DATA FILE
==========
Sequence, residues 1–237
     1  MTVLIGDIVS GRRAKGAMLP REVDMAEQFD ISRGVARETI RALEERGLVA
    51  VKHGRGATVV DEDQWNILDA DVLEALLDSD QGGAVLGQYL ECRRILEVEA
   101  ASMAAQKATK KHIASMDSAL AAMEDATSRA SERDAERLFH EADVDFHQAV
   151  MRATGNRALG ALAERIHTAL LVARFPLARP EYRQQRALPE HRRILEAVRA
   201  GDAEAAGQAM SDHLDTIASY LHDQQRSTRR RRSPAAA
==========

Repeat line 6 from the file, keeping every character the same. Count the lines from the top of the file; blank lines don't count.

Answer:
   201  GDAEAAGQAM SDHLDTIASY LHDQQRSTRR RRSPAAA